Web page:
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FreeBSD Documentation Project: SGML

The Documentation Project uses SGML as the standard method of representing the documentation.

SGML is the Standard Generalized Markup Language.

In a nutshell (and apologies to any SGML purists in the audience who are offended) SGML is a language for writing other languages.

You have probably already used SGML, but you did not know it. HTML, the language that web pages are written in, has a formal description. That description is written in SGML. When you are writing HTML you are not writing SGML (per se), but you are using a language that is defined using SGML.

There are many, many markup languages that are defined using SGML. HTML is one of them. Another is called "DocBook". This is a language designed specifically for writing technical documentation, and as such it has many tags (the markers of the form <tag content>) to describe technical documentation for subsequent formatting. The FreeBSD Documentation Project adopted it and defined some new elements to make it more precise.

For example, this is how you might write a brief paragraph in HTML (do not worry about the content, just look at the tags):

    <p>The system's passwords are stored in <tt>/etc/passwd</tt>. To edit
      this file you should use <b><tt>vipw</tt></b>. However, if you just
      want to add a new user you can use <b><tt>adduser</tt></b>.</p>

The same paragraph, marked up using DocBook, looks like

    <para>The system's passwords are stored in
      <filename>/etc/passwd</filename>. To edit this file you should use
      <command>vipw</command>. However, if you just want to add a new user
      you can use <command>adduser</command>.</para>

As you can see, DocBook is much more 'expressive' than HTML. In the HTML example the filename is marked up as being displayed in a 'typewriter' font. In the DocBook example the filename is marked up as being a 'filename', the presentation of the filename is not described.

There are a number of advantages to this more expressive form of markup:

  • It is not ambiguous or inconsistent.

    You do not spend time thinking "Hmm, I need to show a filename, should I use 'tt', or 'b', or 'em'?"

    Instead, you just use the right tag for the right job.

    The conversion process from DocBook to other formats (HTML, PostScript®, and so on) makes sure that all <filename> elements are shown the same way.

  • You stop thinking about the presentation of your document, and instead concentrate on the content.

  • Because the documentation is not tied to any particular output format, the same documentation can be produced in many different formats—plain text, HTML, PostScript, RTF, PDF and so on.

  • The documentation is more 'intelligent', so more intelligent things can be done with it. For example, it becomes possible to automatically produce an index of the documentation that lists every command shown in the documentation.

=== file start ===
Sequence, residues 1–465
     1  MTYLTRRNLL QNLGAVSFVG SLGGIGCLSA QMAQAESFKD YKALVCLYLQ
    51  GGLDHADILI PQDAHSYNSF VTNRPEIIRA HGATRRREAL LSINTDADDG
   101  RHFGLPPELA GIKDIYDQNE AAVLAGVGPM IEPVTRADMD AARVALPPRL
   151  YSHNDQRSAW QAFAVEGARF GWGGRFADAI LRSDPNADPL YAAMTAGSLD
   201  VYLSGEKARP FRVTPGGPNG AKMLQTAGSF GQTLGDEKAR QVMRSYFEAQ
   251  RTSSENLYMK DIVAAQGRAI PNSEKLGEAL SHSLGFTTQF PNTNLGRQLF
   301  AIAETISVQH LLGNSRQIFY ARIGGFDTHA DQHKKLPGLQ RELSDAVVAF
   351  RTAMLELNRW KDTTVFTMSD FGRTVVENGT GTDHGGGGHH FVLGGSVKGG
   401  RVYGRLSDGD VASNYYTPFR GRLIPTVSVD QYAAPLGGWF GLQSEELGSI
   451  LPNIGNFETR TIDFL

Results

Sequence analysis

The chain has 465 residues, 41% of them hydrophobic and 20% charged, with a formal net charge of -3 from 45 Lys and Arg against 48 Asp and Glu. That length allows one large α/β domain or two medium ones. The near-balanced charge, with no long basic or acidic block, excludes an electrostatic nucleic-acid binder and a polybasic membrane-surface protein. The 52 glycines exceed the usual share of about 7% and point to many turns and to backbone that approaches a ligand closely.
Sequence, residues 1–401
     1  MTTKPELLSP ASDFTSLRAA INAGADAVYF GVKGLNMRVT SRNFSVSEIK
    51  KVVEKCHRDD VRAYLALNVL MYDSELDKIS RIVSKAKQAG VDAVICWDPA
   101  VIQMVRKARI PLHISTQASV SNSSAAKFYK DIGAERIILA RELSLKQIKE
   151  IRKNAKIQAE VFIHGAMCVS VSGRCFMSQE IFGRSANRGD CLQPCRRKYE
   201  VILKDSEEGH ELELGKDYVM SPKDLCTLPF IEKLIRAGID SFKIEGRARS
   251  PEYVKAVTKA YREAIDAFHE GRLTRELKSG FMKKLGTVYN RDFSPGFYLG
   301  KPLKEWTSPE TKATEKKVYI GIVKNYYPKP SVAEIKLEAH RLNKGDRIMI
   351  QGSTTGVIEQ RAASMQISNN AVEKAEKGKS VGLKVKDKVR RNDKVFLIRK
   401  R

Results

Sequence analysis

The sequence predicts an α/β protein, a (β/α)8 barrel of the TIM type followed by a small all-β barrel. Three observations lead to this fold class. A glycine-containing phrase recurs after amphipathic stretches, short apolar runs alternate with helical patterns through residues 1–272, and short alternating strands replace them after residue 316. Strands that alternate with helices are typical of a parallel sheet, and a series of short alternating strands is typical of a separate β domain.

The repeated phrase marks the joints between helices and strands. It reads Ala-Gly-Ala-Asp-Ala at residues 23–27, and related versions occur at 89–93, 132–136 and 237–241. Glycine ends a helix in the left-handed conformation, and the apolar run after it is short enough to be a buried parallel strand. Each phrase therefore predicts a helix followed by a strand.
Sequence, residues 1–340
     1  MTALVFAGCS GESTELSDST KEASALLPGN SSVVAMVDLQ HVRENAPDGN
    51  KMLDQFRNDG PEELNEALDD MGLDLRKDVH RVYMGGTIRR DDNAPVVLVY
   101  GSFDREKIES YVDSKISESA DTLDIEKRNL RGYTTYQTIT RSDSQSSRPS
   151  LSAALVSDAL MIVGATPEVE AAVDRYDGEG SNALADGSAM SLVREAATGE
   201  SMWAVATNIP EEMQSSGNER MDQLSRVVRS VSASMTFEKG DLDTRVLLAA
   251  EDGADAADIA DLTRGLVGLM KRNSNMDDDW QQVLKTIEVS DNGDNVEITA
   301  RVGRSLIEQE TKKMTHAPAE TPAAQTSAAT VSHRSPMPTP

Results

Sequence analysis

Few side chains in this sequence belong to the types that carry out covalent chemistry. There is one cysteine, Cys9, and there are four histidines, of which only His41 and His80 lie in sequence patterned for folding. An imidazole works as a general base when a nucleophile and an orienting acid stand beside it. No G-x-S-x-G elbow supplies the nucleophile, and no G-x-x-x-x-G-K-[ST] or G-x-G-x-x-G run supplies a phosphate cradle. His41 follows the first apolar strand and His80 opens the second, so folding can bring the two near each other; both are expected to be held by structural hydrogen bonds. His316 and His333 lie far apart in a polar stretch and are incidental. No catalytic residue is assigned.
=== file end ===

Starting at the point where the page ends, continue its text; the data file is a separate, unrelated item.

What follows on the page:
This is a bit like Microsoft® Word stylesheets, only vastly more powerful.

Of course, with this power comes a price;

  • Because the number of tags you can use is much larger, it takes longer to learn all of them, and how to use them effectively.

    A good way to learn SGML and DocBook is to read the source version of lots of example documents, seeing how other authors have written similar information.

  • The conversion process is not simple.

What if you do not know DocBook? Can you still contribute?

Yes you can. Quite definitely. Any documentation is better than no documentation. If you have some documentation to contribute and it is not marked up in DocBook, do not worry.

Submit the documentation as normal. Someone else on the Project will grab your committed documentation, mark it up for you, and commit it. With a bit of luck they will then send you the marked-up text back. This is handy because you can do a "before and after" shot of the plain documentation and the marked up version and, hopefully, learn a bit more about the markup in the process.

Obviously, this slows down the committing process, since your submitted documentation needs to be marked up. This may take a few hours spread out over a few days, but it will get committed.

More information about SGML and DocBook?

First read the Documentation Project Primer. This aims to be a comprehensive explanation of everything you need to know in order to work with the FreeBSD documentation. This is a long document, split into many smaller pages. You can also view it as one large page.

The SGML/XML web page. Includes countless pointers to more information about SGML.

The "Gentle Introduction to SGML". Recommended reading for anyone who wants to learn more about SGML from a beginner's perspective.

The DocBook DTD is maintained by OASIS. These pages are aimed at users who are already comfortable with SGML, and who want to learn DocBook.

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